Poyet: Lampard move clever of Man City

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Gus Poyet praised Manchester City's "clever" signing of Frank Lampard after the veteran hit the winner to sink Sunderland on New Year's Day.

City confirmed on the eve of the game that Lampard's stay at the Etihad Stadium had been extended until the end of the season, having initially been set to expire at the turn of the year at which point the midfielder had been due to join MLS side New York City - owned by the English champions.

And the move worked perfectly in the hosts favour as Lampard emerged from the bench to seal a frantic 3-2 Premier League victory.

Goals from Jack Rodwell and Adam Johnson had cancelled out Yaya Toure's stunning effort from distance and Stevan Jovetic's flick, before the 36-year-old settled matters in a breathless 16-minute spell.

Lampard's extended stay with City has caused some consternation in the United States in particular, but Poyet sees no issue.

He said: "It was looking to me last week like it was not possible but by the end it was possible. How, I don't know. I'm not an expert on the rules and regulations.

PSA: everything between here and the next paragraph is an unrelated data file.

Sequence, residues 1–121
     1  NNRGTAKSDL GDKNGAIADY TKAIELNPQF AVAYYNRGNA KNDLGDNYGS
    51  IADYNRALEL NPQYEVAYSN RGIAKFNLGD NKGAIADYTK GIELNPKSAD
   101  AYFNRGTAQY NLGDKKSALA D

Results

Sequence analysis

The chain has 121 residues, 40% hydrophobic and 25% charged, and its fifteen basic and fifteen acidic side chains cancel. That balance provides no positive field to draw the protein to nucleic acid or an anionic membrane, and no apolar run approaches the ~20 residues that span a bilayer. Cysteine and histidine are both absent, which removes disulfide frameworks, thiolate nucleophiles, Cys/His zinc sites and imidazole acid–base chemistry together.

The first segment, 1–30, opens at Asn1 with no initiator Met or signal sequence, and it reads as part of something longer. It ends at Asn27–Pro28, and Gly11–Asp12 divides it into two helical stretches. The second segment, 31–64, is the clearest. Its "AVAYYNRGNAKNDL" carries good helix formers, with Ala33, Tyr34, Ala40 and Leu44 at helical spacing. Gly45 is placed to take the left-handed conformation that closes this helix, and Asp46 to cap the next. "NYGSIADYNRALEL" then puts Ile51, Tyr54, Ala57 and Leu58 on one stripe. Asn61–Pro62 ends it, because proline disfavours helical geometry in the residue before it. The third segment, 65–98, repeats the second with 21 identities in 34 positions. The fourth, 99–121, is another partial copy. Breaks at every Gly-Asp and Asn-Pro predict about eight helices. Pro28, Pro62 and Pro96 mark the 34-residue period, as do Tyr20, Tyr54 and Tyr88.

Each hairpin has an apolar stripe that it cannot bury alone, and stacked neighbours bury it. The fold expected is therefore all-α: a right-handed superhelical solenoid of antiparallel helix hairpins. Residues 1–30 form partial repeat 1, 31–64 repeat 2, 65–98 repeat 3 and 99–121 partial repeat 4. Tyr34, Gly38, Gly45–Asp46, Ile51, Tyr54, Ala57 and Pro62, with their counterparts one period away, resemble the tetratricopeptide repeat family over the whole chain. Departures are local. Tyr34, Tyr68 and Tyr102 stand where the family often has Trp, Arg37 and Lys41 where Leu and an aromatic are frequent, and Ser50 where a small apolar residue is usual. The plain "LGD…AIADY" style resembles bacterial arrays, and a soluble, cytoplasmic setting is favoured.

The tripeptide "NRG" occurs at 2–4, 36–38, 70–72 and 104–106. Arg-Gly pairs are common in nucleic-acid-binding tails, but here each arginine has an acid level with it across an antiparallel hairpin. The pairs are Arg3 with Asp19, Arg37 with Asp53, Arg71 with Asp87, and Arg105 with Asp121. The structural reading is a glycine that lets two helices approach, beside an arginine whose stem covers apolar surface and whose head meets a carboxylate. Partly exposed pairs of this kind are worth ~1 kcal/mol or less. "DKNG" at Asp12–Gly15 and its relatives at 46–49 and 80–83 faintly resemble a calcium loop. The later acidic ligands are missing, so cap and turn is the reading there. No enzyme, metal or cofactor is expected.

"But he made a difference today by scoring the winning goal.

"For me it's clever. It's legal so I don't have a problem with that."

Sunderland's fightback from two goals down evoked memories of last season's 2-2 draw in the corresponding fixture as Poyet's side launched an unlikely survival from the drop.

Though delighted with the spirit shown by his side in pegging the champions back, the Uruguayan was left disappointed by their failure to see out the job.

He added: "When you're playing away against the champions and you find yourself 2-0 down you need to do something very special to come back.

"And after coming back we needed to do better. The disappointing side of the performance today is after the 2-2. The last 15 minutes we gave the goal away too easily.

"We made it difficult and I think that they were getting to the point of frustration and then with the change you have more options on the break and fresh legs and then he [Lampard] scores because he does things that no one else can."